Only Tourists Look Up

Last week, Ben and I decided to make the trek up to the Galleria mall on one of our mutual days off to use up one of his gift cards. As we made the drive north on Vandeventer to get onto I-40, I had a shocking realization: That intersection we had stopped at provided an incredible view of the downtown St. Louis skyline. We caught a breathtaking image of the Cathedral Basilica, and the other architectural beauties surrounding it by simply looking beyond what we are used to seeing.

When the light turned green, I suddenly felt a different type of emotion; one of freshness, or renewed perception. It is the same feeling I had when I first visited Denver, Washington, D.C., Los Angeles, and New Orleans, all of which invoked that emotion simply when I looked up at the skyline. So even by looking up in a city I am all too familiar with, I had renewed my love for it.

Even despite the painful job market right now, and all the woes that come along with it, I still manage to stay a generally happy person. Why? I exercise, eat right (as best as I can) and, most importantly, change things up once in a while.

I am not ashamed to admit that I am one of those people who would prefer sticking to the familiar and routine. Once I find something that works for me, I would stop at nothing to keep that consistency. But with that consistency comes a little feeling we all know called boredom. What some people might view as contentment with their surroundings and routines, could be mistaking it for boredom. Myself included.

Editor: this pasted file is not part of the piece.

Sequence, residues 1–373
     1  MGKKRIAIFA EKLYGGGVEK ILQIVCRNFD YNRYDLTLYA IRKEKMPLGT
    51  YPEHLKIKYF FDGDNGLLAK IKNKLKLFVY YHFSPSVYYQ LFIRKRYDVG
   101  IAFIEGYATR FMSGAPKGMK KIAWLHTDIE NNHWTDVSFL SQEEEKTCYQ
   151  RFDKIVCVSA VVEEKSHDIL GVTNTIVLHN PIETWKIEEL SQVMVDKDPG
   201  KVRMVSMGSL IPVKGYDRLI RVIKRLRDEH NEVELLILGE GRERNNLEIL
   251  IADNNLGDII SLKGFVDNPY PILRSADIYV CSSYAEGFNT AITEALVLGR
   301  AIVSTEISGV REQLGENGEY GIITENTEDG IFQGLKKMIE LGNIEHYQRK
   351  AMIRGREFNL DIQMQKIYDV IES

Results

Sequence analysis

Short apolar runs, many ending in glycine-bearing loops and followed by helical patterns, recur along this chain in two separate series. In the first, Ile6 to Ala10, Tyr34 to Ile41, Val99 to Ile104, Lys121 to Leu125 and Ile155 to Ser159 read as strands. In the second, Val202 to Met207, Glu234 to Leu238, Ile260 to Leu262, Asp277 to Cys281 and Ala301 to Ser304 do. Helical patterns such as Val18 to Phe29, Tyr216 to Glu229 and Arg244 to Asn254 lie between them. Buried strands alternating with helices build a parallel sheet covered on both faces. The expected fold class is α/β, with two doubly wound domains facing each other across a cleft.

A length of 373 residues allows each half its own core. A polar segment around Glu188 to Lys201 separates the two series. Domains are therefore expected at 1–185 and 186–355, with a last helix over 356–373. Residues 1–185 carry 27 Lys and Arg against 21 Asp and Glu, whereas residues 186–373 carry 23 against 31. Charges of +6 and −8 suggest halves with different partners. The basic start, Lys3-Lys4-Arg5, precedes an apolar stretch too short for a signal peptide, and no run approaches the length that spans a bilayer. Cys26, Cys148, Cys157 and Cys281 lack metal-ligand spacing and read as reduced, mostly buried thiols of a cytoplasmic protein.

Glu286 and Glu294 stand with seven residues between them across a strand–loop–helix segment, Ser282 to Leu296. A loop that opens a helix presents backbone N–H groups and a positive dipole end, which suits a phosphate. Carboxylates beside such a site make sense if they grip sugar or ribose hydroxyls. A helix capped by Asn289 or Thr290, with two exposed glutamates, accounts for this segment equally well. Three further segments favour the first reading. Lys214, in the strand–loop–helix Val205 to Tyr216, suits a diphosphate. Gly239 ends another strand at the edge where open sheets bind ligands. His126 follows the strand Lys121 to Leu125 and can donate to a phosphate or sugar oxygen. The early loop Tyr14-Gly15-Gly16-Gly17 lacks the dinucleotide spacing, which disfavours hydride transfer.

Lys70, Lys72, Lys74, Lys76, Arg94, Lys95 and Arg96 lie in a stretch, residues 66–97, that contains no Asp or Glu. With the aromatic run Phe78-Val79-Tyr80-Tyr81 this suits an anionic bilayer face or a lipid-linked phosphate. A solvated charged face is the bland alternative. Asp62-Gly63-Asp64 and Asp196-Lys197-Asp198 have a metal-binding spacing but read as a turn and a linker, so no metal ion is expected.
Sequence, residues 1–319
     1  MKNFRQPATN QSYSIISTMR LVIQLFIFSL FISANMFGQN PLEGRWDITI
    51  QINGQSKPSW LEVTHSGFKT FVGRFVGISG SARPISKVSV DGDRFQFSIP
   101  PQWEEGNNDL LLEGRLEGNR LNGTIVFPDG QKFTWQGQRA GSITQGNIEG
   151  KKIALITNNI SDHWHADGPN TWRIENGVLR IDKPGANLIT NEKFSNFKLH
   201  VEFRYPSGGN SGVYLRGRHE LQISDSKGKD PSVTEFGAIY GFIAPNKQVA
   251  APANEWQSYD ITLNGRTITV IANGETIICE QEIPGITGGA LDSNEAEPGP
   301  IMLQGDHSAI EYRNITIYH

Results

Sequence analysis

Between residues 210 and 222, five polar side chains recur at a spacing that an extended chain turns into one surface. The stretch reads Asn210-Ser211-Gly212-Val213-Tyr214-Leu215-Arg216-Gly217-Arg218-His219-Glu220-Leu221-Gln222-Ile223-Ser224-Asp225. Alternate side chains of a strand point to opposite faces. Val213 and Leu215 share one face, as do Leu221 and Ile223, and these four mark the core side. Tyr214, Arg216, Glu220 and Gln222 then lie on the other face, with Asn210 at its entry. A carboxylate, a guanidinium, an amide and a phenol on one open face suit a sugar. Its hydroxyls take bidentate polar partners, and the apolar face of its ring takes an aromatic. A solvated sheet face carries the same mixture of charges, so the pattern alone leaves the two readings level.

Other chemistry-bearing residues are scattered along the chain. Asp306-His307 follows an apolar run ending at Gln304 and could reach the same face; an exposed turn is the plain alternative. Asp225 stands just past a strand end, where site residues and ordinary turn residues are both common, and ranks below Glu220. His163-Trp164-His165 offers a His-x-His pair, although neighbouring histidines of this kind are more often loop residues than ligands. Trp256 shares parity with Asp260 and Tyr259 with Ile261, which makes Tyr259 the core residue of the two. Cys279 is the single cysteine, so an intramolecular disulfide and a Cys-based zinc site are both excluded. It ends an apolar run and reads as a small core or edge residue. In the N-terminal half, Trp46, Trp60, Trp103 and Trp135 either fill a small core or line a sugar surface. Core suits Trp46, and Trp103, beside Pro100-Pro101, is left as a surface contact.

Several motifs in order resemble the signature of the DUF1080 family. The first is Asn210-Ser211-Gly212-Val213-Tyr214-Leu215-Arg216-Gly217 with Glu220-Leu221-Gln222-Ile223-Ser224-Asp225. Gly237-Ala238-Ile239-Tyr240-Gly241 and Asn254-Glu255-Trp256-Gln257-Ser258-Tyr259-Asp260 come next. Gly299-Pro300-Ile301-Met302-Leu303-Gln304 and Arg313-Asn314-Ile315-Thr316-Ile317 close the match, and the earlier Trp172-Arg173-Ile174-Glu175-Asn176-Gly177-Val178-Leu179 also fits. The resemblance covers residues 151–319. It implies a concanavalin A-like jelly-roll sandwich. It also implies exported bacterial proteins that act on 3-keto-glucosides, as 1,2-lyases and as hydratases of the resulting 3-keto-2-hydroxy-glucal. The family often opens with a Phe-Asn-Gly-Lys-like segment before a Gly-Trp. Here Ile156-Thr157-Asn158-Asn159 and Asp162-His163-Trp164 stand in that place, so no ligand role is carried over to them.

One of my favorite movies of all time is Dead Poets’ Society, starring Robin Williams. As a more open-minded professor in a high-brow conservative private school, he encourages his students to stand up on his desk to see things from a different perspective. His purpose was to spawn new ideas and fresh points of view on the same tired old subjects.

O' Captain, My Captain


This became a theme throughout the entire movie, and the key reason why it is one of my favorites. The movie inspired me to continue to look at things from different angles, even if they happen to be the angles I’m not familiar, or comfortable, with.